I went because it tied in really well with some work projects (like the museum metadata mashup competition we’re running later in the year or the attempt to get a critical mass of vaguely compatible museum data available for re-use) and stuff I’m interested in personally (like modern bluestocking, my project for this summer – let me know if you want to help, or just add inspiring women to freebase).

I’m also interested in creating something like a Dopplr for museums – you tell it what you’re interested in, and when you go on a trip it makes you a map and list of stuff you could see while you’re in that city.

Like: I like Picasso, Islamic miniatures, city museums, free wine at contemporary art gallery openings, [etc]; am inspired by early feminist history; love hearing about lived moments in local history of the area I’ll be staying in; I’m going to Barcelona.

The ‘list of cultural heritage stuff I like’ could be drawn from stuff you’ve bookmarked, exhibitions you’ve attended (or reviewed) or stuff favourited in a meta-museum site.

(I don’t know what you’d call this – it’s like a personal butlr or concierge who knows both your interests and your destinations – curatr?)

The talks on RDFa (and the earlier talk on YQL at the National Maritime Museum) have inspired me to pick a ‘good enough’ protocol, implement it, and see if I can bring in links to similar objects in other museum collections. I need to think about the best way to document any mapping I do between taxonomies, ontologies, vocabularies (all the museumy ‘ies’) and different API functions or schemas, but I figure the museum API wiki is a good place to draft that. It’s not going to happen instantly, but it’s a good goal for 2009.

These are the last of my notes from the weekend’s Open Hack London event, my notes from various talks are tagged openhacklondon.

Tom Morris, SPARQL and semweb stuff – tech talk at Open Hack London

Tom Morris gave a lightning talk on ‘How to use Semantic Web data in your hack‘ (aka SPARQL and semantic web stuff).

He’s since posted his links and queries – excellent links to endpoints you can test queries in.

Semantic web often thought of as long-promised magical elixir, he’s here to say it can be used now by showing examples of queries that can be run against semantic web services. He’ll demonstrate two different online datasets and one database that can be installed on your own machine.

First – dbpedia – scraped lots of wikipedia, put it into a database. dbpedia isn’t like your averge database, you can’t draw a UML diagram of wikipedia. It’s done in RDF and Linked Data. Can be queried in a language that looks like SQL but isn’t. SPARQL – is a w3c standard, they’re currently working on SPARQL 2.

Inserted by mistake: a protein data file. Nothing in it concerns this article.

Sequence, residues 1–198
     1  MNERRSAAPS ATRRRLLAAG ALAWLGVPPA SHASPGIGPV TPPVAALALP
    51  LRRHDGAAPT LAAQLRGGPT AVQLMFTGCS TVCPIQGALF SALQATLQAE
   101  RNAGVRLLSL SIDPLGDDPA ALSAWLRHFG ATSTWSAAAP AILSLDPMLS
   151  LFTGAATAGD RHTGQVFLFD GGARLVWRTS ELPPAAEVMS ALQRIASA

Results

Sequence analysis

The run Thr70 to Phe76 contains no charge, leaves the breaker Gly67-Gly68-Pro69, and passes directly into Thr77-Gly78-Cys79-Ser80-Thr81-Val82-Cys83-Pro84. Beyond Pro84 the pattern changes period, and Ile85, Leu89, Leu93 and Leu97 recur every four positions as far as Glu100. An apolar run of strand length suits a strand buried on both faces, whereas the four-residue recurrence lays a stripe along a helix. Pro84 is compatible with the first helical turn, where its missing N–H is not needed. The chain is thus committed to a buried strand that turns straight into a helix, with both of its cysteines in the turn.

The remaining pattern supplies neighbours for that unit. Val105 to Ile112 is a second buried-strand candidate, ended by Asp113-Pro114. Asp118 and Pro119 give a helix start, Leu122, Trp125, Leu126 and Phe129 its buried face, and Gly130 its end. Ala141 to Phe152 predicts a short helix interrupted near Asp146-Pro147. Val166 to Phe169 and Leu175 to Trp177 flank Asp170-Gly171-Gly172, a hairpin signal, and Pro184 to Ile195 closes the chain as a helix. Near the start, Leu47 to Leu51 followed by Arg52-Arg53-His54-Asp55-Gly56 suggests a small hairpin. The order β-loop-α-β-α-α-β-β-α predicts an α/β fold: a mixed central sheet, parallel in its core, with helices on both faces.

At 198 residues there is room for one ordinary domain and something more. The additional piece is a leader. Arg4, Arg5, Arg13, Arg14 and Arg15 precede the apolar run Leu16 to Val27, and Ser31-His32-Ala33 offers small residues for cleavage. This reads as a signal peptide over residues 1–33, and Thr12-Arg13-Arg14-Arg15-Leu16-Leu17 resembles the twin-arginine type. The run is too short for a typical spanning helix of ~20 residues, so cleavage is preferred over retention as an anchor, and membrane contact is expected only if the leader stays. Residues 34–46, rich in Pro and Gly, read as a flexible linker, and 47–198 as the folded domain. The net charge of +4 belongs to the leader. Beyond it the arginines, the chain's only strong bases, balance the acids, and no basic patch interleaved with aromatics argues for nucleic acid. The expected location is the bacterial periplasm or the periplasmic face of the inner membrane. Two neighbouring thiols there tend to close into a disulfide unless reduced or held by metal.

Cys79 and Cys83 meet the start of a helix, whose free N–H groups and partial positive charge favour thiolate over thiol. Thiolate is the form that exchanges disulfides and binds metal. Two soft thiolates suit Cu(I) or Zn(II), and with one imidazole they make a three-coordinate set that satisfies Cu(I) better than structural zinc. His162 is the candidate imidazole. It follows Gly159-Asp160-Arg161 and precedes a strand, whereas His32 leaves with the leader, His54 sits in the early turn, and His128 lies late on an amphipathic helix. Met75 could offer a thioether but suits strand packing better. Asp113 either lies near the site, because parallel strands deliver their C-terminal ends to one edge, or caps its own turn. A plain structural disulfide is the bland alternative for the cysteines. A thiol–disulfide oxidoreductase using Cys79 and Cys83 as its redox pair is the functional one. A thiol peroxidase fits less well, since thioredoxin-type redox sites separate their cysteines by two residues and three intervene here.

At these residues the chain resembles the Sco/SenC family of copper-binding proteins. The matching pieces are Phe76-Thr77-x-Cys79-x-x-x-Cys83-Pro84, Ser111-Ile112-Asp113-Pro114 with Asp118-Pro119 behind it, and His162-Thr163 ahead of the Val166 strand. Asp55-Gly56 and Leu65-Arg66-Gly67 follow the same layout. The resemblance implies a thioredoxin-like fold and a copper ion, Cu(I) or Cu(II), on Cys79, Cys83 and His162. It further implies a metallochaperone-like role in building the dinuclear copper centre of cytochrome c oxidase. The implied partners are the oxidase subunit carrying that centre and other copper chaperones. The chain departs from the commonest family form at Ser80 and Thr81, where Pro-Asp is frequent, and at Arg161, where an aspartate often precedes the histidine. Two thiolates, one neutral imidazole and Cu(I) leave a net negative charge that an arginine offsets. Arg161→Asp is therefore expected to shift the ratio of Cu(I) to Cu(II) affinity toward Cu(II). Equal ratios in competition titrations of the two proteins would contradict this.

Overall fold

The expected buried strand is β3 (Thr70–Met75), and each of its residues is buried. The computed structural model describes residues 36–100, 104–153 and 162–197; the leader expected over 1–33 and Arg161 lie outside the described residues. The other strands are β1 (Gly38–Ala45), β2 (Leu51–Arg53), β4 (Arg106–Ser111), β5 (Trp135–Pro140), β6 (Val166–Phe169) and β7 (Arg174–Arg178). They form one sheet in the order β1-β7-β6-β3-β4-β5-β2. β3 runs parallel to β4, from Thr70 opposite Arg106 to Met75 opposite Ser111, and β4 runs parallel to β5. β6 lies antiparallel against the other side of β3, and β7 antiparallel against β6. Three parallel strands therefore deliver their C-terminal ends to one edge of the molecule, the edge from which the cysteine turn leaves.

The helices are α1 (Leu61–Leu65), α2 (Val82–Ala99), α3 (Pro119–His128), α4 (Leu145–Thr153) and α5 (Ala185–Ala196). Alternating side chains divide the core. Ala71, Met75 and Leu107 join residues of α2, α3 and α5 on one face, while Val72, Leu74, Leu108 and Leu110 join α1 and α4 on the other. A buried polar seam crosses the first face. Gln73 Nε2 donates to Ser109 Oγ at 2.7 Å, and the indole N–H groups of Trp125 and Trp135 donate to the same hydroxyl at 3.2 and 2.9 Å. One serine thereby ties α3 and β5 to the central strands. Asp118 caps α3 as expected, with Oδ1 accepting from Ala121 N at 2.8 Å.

Go to dbpedia.org/sparql – submit query as post. [Really nice – I have a thing about APIs and platforms needing a really easy way to get you to ‘hello world’ and this does it pretty well.]

[Line by line comments on the syntax of the queries might be useful, though they’re pretty readable as it is.]

‘select thingy, wotsit where [the slightly more complicated stuff]’

Can get back results in xml, also HTML, ‘spreadsheet’, JSON. Ugly but readable. Typed.

[Trying a query challenge set by others could be fun way to get started learning it.]

One problem – fictional places are in Wikipedia e.g. Liberty City in Grand Theft Auto.

Libris – how library websites should be
[I never used to appreciate how much most library websites suck until I started back at uni and had to use one for more than one query every few years]

Has a query interface through SPARQL

Comment from the audience BBC – now have SPARQL endpoint [as of the day before? Go BBC guy!].

Playing with mulgara, open source java triple store. [mulgara looks like a kinda faceted search/browse thing] Has own query language called TQL which can do more intresting things than SPARQL. Why use it? Schemaless data storage. Is to SQL what dynamic typing is to static typing. [did he mean ‘is to sparql’?]

Question from audence: how do you discover what you can query against?
Answer: dbpedia website should list the concepts they have in there. Also some documentation of categories you can look at. [Examples and documentation are so damn important for the update of your API/web service.]

Coming soon [?] SPARUL – update language, SPARQL2: new features

The end!

[These are more (very) rough notes from the weekend’s Open Hack London event – please let me know of clarifications, questions, links or comments. My other notes from the event are tagged openhacklondon.

Quick plug: if you’re a developer interested in using cultural heritage (museums, libraries, archives, galleries, archaeology, history, science, whatever) data – a bunch of cultural heritage geeks would like to know what’s useful for you (more background here). You can comment on the #chAPI wiki, or tweet @miaridge (or @mia_out). Or if you work for a company that works with cultural heritage organisations, you can help us work better with you for better results for our users.]

There were other lightning talks on Pachube (pronounced ‘patchbay’, about trying to build the internet of things, making an API for gadgets because e.g. connecting hardware to the web is hard for small makers) and Homera (an open source 3d game engine).

Notes from ‘The API as Curator’ and on why museums should hire programmers

These are my notes from the third paper ‘The API as Curator‘ by Aaron Straup Cope in the Theoretical Frameworks session chaired by Darren Peacock at Museums and the Web 2008. The slides for The API as Curator are online.

I’ve also included below some further notes on why, how, whether museums should hire programmers, as this was a big meme at the conference and Aaron’s paper made a compelling case for geeks in art, arty geeks and geeky artists.

You might have noticed it’s taken me a while to catch up on some of my notes from this conference, and the longer I leave it the harder it gets. As always, any mistakes are mine, any comments corrections are welcome, and the comments in [square brackets] below are mine.

The other session papers were Object-centred democracies: contradictions, challenges and opportunities by Fiona Cameron and Who has the responsibility for saying what we see? mashing up Museum and Visitor voices, on-site and online by Peter Samis; all the conference papers and notes I’ve blogged have been tagged with ‘MW2008‘.